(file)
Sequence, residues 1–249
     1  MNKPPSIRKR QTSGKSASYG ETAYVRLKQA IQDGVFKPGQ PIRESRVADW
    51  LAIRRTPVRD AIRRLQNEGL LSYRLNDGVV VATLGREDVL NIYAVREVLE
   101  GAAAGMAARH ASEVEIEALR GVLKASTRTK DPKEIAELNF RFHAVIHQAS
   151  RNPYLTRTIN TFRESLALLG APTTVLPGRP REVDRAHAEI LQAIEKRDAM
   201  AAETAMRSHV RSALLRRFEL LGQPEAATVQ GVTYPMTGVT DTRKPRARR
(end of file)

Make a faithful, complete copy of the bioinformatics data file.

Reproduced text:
Sequence, residues 1–249
     1  MNKPPSIRKR QTSGKSASYG ETAYVRLKQA IQDGVFKPGQ PIRESRVADW
    51  LAIRRTPVRD AIRRLQNEGL LSYRLNDGVV VATLGREDVL NIYAVREVLE
   101  GAAAGMAARH ASEVEIEALR GVLKASTRTK DPKEIAELNF RFHAVIHQAS
   151  RNPYLTRTIN TFRESLALLG APTTVLPGRP REVDRAHAEI LQAIEKRDAM
   201  AAETAMRSHV RSALLRRFEL LGQPEAATVQ GVTYPMTGVT DTRKPRARR